Sustainable management of water resources in any country or region requires relevant data and information. The disruptive digital technologies, i.e., big data, Artificial Intelligence (AI), cloud computing, and blockchain show promise in water-related applications such as planning optimum water systems, detecting ecosystem changes, forecasting/predicting/detecting natural and human made calamities, scheduling irrigation, mitigating environmental pollution, studying climate change impacts, and many others.

The project focuses on application of remote sensing, GIS, big data, AI, and machine learning to assess risks of hydroclimatic disasters, detect changes in water resources and help quantify of water security indicators and water cycle components – all in the form of web-enabled applications and tools. These applications and tools use open data repositories, open-source computing, AI models and cloud computing platforms to ensure the technology transfer to the Global South without big cost impact.

In 2020-2021, this project developed a historical flood mapping tool using historical Landsat data. The tool allows mapping of surface inundation for any region of the world over the period 1984-2020 to be carried out. The tool was developed leveraging the power of Google Earth Engine (cloud computing) resources. It enables users to analyse spatial and temporal extent of surface water inundation and download the result for further analysis.

The objectives of the project over the period 2022-2023 are to:

  • Enhance this historical flood mapping tool (FMT) by incorporating other data sources especially freely available RADAR satellite data and improving the overall spatial resolution of the mapped products (using both free and commercial data) for local, urban and property level applications.
  • Develop a flood risk analysis and mapping (FRAM) tool that will provide flood risk map for a given area based on historical flood map generated by the FMT and trained AI model. FRAM will help identify the most flood-risky areas for future planning and risk mitigation.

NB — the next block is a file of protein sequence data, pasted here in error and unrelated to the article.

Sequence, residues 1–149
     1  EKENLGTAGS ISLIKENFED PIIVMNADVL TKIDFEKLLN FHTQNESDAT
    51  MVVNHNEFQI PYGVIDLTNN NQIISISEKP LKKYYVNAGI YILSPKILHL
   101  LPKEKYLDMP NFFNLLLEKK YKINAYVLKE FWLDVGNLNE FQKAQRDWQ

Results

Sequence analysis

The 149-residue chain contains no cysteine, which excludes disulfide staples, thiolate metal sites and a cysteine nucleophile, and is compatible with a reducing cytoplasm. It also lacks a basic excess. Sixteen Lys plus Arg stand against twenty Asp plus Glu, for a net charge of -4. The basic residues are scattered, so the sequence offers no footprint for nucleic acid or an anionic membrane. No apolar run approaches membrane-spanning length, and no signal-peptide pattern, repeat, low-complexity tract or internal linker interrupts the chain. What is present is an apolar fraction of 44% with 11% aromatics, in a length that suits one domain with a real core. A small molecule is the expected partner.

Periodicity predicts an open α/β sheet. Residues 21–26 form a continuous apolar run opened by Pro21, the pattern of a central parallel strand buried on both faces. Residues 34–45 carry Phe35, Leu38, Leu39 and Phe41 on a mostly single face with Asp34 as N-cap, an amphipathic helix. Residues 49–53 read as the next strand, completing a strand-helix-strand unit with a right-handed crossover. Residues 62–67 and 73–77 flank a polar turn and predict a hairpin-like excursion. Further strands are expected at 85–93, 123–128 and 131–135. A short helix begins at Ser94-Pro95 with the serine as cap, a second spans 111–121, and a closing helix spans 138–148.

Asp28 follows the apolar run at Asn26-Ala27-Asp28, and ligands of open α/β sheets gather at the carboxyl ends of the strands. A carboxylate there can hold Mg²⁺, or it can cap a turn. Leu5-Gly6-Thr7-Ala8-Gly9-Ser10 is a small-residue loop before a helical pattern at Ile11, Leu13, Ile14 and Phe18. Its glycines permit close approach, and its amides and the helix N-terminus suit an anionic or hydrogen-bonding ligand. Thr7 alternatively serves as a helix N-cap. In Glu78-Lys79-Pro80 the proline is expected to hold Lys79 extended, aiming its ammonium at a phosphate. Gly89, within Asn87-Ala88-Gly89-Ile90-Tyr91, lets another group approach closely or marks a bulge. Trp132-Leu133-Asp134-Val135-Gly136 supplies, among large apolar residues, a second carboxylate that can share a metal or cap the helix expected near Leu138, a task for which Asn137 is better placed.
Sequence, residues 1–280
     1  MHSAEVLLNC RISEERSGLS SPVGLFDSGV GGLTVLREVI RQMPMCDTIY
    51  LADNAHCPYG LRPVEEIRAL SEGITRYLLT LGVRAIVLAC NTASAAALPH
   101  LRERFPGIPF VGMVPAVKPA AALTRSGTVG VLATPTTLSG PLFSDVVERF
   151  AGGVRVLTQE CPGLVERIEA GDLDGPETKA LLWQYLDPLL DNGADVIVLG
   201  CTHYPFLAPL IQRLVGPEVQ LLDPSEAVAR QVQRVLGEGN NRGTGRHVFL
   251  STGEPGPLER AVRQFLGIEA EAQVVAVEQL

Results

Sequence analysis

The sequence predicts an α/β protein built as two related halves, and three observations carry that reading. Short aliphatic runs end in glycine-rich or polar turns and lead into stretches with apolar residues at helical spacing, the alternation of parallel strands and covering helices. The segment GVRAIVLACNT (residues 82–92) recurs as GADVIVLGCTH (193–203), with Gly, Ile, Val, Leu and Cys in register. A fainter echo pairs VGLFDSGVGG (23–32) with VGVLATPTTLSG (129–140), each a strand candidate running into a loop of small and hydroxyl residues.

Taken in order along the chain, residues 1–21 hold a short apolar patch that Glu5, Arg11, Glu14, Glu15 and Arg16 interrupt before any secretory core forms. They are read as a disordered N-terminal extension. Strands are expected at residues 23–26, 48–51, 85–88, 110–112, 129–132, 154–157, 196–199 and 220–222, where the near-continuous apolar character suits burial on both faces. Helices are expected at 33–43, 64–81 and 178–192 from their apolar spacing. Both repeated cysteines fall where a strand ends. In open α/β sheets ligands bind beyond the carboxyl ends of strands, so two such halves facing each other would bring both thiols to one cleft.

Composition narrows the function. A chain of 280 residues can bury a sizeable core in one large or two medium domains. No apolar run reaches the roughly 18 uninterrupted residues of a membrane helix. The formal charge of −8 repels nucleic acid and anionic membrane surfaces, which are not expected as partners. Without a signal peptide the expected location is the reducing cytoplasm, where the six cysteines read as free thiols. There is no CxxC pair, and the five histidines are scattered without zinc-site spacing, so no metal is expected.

• Develop a Surface Water Change Detection (SWCD) to quickly calculate past patterns of surface water extent. This tool will be useful for analysing storage in waterbodies and reservoirs.
  • Support UNU-INWEH water security assessment project by developing methodologies for quantification of specific water security indicators – water quality ones in the first place
Toshka Lake in Egypt
Bangladesh Flood 2017
Flood Mapping Tool


The project works with a range of partners to co-develop and roll out the above tools and is building new partnership across the world as the work develops. Examples of such partnerships – in the previous years and at present – include, but not limited to:

  • The Pacific Community, Fiji
  • International Centre for Water Hazard and Risk Management, Japan
  • Global Partnership for Sustainable Development Data, Kenya
  • The International Centre for Integrated Mountain Development (ICIMOD), Nepal
  • SDG Accelerator Lab, University of Baluchistan, Pakistan
  • Qatar Computing Research Institute, Hamad Bin Khalifa University, Qatar
  • Ministry of Agriculture, Sri Lanka
  • Asian Disaster Preparedness Center, Stockholm Environment Institute, Thailand
  • United Nations Economic and Social Commission for Asia and the Pacific (UNESCAP)
  • Flood Forecasting and warning Center (FFWC), Bangladesh

Example Outputs of Previous Work


Dr. Mir Matin


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